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Understanding Trial Discovery

After the arraignment, both the prosecution and defense enter into a "discovery" process. The primary purpose of this process is to permit both sides of the case to take the time necessary to learn all the facts and prepare the arguments based on these facts.

Discovery must be reciprocal in order to be constitutional, which means that the prosecution must provide the defense with evidence they intend to use. The prosecution cannot hide evidence and then surprise the defense at trial. This applies to the defense as well. We must provide the prosecution with evidence which we plan to present at trial.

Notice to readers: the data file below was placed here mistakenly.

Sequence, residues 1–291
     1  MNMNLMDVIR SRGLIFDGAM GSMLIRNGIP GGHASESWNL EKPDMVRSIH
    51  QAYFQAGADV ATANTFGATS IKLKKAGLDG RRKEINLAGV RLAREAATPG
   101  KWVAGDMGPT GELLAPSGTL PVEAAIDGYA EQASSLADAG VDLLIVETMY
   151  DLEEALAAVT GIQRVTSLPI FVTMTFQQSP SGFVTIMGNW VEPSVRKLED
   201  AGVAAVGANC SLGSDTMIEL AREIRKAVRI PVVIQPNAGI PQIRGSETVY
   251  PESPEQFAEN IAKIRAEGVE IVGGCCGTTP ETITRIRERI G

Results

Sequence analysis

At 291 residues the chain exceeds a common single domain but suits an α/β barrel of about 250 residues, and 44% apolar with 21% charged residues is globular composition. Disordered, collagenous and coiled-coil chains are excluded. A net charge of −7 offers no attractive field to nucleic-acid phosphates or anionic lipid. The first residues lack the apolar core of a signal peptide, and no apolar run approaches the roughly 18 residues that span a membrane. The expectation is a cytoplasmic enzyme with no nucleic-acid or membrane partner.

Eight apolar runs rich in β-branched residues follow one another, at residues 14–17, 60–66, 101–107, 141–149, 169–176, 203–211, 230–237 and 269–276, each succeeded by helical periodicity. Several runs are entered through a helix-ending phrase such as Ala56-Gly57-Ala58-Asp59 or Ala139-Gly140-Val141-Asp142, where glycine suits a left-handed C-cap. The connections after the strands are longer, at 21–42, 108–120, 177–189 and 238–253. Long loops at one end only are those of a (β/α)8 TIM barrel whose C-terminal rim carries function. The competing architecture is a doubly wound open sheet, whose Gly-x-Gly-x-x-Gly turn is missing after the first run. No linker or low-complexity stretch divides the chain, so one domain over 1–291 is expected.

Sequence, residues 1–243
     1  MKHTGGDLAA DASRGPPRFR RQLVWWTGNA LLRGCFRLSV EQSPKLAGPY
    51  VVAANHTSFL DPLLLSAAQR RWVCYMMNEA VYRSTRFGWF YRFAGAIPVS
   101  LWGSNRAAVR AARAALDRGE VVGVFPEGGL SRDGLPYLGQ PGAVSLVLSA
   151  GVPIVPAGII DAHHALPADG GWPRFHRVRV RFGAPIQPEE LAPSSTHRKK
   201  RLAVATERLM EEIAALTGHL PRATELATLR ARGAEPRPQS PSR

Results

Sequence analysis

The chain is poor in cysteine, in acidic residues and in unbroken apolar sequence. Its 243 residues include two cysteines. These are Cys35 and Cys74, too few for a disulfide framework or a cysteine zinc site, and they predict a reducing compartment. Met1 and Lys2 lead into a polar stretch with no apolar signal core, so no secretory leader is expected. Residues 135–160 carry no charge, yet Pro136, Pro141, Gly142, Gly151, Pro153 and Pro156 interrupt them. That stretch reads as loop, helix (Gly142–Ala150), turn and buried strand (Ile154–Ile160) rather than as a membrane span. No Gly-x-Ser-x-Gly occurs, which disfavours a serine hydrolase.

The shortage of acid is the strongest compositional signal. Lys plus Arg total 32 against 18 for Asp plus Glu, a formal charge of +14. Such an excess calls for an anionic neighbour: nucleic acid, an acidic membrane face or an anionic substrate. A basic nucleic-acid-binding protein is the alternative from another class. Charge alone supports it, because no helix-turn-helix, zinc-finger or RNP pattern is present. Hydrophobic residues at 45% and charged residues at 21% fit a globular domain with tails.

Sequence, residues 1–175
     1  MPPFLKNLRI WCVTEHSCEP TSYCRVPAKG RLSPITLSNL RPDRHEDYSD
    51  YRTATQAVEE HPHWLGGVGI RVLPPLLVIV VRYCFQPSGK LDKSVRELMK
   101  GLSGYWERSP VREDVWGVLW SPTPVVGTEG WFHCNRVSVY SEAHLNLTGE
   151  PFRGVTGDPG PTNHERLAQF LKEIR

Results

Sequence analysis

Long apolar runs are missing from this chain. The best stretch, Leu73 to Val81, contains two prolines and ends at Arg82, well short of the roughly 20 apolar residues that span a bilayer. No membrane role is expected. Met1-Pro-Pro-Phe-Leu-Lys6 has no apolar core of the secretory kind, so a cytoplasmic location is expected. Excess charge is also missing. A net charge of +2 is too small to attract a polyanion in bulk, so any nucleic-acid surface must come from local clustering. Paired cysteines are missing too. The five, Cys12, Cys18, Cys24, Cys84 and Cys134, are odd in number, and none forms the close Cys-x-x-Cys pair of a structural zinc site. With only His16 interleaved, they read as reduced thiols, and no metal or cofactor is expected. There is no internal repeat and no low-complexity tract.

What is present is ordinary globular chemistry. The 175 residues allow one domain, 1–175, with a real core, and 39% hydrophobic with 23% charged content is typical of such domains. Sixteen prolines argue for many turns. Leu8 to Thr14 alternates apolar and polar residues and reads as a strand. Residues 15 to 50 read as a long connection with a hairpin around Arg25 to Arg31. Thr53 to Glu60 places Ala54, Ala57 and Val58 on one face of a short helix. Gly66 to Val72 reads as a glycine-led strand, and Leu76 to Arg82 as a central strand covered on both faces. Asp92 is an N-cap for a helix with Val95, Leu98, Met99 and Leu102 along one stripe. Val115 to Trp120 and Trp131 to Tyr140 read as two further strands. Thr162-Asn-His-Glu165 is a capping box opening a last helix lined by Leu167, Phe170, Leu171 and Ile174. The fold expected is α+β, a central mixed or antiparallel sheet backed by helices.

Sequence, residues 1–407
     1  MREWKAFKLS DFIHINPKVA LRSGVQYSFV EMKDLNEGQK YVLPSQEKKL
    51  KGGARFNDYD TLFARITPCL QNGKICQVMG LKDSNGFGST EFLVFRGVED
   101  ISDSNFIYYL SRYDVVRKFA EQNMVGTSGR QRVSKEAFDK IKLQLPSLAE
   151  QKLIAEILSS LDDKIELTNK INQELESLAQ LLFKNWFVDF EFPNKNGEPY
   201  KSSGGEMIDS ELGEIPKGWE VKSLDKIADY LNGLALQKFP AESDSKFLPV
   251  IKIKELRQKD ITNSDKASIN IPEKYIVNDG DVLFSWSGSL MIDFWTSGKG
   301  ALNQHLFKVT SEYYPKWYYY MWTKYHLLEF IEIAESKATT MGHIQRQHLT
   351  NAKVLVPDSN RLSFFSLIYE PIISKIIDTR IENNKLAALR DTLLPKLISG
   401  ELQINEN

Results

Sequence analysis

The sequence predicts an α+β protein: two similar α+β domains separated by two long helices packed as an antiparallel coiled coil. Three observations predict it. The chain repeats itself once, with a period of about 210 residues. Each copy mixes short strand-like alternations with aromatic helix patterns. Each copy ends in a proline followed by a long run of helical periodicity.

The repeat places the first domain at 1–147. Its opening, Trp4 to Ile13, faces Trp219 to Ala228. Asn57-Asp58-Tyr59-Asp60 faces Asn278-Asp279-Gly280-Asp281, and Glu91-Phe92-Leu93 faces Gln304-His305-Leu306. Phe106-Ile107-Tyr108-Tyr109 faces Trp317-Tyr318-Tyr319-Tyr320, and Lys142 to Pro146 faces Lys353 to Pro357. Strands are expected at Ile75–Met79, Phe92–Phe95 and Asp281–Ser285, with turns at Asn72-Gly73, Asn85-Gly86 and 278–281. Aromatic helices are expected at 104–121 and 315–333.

Typical discovery activities include:

  • Police reports
  • Medical records
  • Probation reports
  • Photographs
  • Diagrams
  • Recordings of witness statements
  • Viewing of physical evidence
  • Expert analysis (such as DNA reports or criminology)
  • Private investigative services

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